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Published on March 28th, 2012 | by Greg

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Synology DS212: Simplest, Fastest RAID NAS Yet

If the head­line was con­fus­ing, don’t wor­ry. By the end of this ar­ti­cle, we promise that the acronyms will make sense, and you’ll have learned per­haps more about da­ta stor­age than you ev­er want­ed to. First, a brief in­tro­duc­tion: your com­put­er us­es a hard drive to store ev­ery­thing- pic­tures, mu­sic, movies- and hard drives all even­tu­al­ly die. That’s why we (and ev­ery­one else) en­cour­age reg­u­lar da­ta back­up pro­ce­dures. Of course, you can do this with a portable hard drive- we’ve seen and test­ed a lot of them- but it’s of­ten eas­i­est to have a cen­tral serv­er of sorts, called a NAS. NAS stands for net­work at­tached stor­age, and is ba­si­cal­ly a fan­cy name for a more so­phis­ti­cat­ed ex­ter­nal hard drive that you con­nect through your router in­stead of di­rect­ly via USB or Firewire. The ad­van­tages are many. It’s ba­si­cal­ly a small com­put­er, with ca­pa­bil­i­ties like mul­ti­me­dia serv­ing and back­ground down­load­ing, that you can leave run­ning 24 hours a day and not wor­ry much about pow­er con­sump­tion or noise. And mul­ti­ple peo­ple can use it at the same time.

We’ve al­so seen our fair share of sim­i­lar de­vices. QNAP makes some sol­id mod­els that we’ve re­viewed in the past, and Drobo of­fers a so­phis­ti­cat­ed (and ex­pen­sive) se­ries that is the on­ly type that al­lows for the use of dif­fer­ent drive sizes. Most peo­ple, though, want a good out-of-the-box ex­pe­ri­ence, a back­up and stor­age sys­tem that is im­me­di­ate­ly ready to go- and that is pre­cise­ly what Syn­ol­o­gy of­fers with their DS212. Aimed at small busi­ness users, it’s al­so great for more so­phis­ti­cat­ed home users. Tech­ni­cal de­tails fol­low, but don’t wor­ry if they don’t make sense.

The mod­el we tried of­fers 256MB of RAM and a 1.6GHz pro­ces­sor, enough for our pur­pos­es. But you can save some mon­ey with the 212j or spend a bit more on the 212+, which tweak the RAM and pro­ces­sor speed as well as the ad­di­tion­al ports. The in­ter­face and func­tion­al­i­ty, though, are con­sis­tent and in ev­ery case you’re get­ting a two-bay sys­tem with gi­ga­bit eth­er­net and a max­i­mum ca­pac­i­ty of 8GB (two 4TB drives). Ours was out­fit­ted with 2TB in to­tal, with two 1GB drives pre-in­stalled and set­up in a de­fault RAID 1 con­fig­u­ra­tion. And the 212 of­fers two USB 3.0 ports on the rear, a USB 2.0 front port, and even a handy SD card slot which is per­fect for pho­tog­ra­phers.

What does this all mean? Well, think of it this way: most back­up sys­tems of­fer a fea­ture called RAID, which is re­dun­dan­cy that pro­tects against a drive fail­ure or prob­lem. You can set this up on your home sys­tem as well, though it does take some work and doesn’t play well with all drives, op­er­at­ing sys­tems, and se­tups. It’s eas­i­er, though, when you’re just try­ing to keep da­ta pro­tect­ed. Es­sen­tial­ly, ev­ery file you copy is au­to­mat­i­cal­ly mir­rored across both drives. This comes at a price- you on­ly can ac­cess half of your ac­tu­al ca­pac­i­ty, since half of the space is re­served. But drives are cheap now, and it’s al­most al­ways bet­ter to pay a bit more and nev­er have to wor­ry about da­ta loss. Ex­cept in the case of fire or flood dam­age to the unit it­self (or theft of course), the chances of both drives fail­ing at the same time are in­cred­i­bly small.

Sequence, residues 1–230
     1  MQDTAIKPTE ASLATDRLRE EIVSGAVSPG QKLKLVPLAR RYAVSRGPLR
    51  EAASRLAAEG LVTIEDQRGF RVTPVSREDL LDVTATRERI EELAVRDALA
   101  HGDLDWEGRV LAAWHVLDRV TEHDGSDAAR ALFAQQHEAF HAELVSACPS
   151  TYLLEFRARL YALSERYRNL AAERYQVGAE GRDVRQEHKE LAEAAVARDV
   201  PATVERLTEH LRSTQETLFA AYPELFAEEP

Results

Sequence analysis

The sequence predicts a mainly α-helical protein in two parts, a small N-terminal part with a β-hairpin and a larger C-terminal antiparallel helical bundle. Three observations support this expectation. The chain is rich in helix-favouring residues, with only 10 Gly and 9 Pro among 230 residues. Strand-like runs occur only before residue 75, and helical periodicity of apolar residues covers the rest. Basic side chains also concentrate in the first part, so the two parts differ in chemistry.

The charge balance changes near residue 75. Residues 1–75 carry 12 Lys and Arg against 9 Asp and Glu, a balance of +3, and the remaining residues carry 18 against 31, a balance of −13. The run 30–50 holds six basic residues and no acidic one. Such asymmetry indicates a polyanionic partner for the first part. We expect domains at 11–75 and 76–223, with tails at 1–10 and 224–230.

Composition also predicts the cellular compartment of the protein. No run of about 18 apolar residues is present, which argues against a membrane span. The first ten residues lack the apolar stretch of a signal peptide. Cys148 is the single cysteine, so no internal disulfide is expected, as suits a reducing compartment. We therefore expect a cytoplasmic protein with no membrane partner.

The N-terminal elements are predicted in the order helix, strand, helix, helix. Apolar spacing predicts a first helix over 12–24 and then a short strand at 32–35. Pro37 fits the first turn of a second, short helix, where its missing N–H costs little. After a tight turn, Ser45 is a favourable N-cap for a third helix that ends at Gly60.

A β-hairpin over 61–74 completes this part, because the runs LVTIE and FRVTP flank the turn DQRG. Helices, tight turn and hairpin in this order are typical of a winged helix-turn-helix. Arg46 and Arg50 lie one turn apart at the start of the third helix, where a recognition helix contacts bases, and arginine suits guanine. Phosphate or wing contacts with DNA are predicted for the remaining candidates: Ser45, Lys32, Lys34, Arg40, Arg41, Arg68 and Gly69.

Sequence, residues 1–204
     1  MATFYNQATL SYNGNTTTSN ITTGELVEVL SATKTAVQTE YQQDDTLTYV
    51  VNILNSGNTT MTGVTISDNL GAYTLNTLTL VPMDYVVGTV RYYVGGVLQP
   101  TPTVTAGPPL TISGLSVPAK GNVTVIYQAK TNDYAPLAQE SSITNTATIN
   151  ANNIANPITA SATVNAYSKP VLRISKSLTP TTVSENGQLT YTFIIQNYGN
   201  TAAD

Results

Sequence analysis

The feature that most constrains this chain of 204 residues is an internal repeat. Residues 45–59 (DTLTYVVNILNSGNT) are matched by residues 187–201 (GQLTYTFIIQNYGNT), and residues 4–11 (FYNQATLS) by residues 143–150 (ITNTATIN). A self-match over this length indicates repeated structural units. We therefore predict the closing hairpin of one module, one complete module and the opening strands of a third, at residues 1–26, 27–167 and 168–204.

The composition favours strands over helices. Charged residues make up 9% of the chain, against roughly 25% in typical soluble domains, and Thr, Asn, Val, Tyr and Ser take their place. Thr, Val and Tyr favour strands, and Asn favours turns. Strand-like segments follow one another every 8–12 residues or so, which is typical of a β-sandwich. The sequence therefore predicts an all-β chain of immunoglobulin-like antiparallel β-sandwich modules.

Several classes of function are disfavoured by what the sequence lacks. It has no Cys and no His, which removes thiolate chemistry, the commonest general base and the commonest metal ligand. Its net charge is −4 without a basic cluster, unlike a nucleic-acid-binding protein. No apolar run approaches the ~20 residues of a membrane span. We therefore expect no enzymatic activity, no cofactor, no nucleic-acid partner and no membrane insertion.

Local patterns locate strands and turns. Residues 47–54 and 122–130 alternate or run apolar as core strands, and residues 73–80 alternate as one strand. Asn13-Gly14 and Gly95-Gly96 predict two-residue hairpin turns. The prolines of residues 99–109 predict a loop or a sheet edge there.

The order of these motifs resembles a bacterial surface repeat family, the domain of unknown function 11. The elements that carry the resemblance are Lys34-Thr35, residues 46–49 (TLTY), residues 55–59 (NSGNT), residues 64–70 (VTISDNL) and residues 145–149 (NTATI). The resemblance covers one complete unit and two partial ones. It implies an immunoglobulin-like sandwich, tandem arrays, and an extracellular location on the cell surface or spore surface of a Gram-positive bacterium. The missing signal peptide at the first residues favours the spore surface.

All of this cov­ers the ba­sics of RAID sys­tems, but the ad­van­tages of a NAS might not be clear yet. Let’s say that you have an iTunes li­brary that you want to share, and you like to use Bit­Tor­rent to down­load files. Even more, you wish you could ac­cess those files when you’re away, on the road or at the of­fice. You could set­up a desk­top serv­er to han­dle this- but most desk­tops are big, fair­ly loud, and con­sume a lot of pow­er- it’s overkill. The al­ter­na­tive is to get a de­vice like the DS212, which al­low easy con­fig­u­ra­tion of var­i­ous apps. The Drobo app sys­tem was hor­ri­bly com­plex for sev­er­al tasks and hasn’t re­al­ly im­proved, and QNAP’s was pret­ty pain­less though a bit dif­fi­cult for novies. Syn­ol­o­gy has clear­ly worked hard on the us­er in­ter­face, and we were im­pressed- it’s func­tion­al, pret­ty, and runs through a brows­er win­dow that looks and feels much like a desk­top. You in­stall a sin­gle pro­gram from the in­clud­ed CD, and though the man­u­al is pal­try (a cou­ple of pages), it should be enough for most peo­ple to get start­ed and con­nect­ed. All you need to do is con­nect pow­er, eth­er­net, and then fol­low the steps from the CD- we were up and go­ing with­in 40 sec­onds on Win7, and had a shared pub­lic fold­er with full guest ac­cess in less than a minute, and a Bit­Tor­rent down­load start­ed about twen­ty sec­onds af­ter that.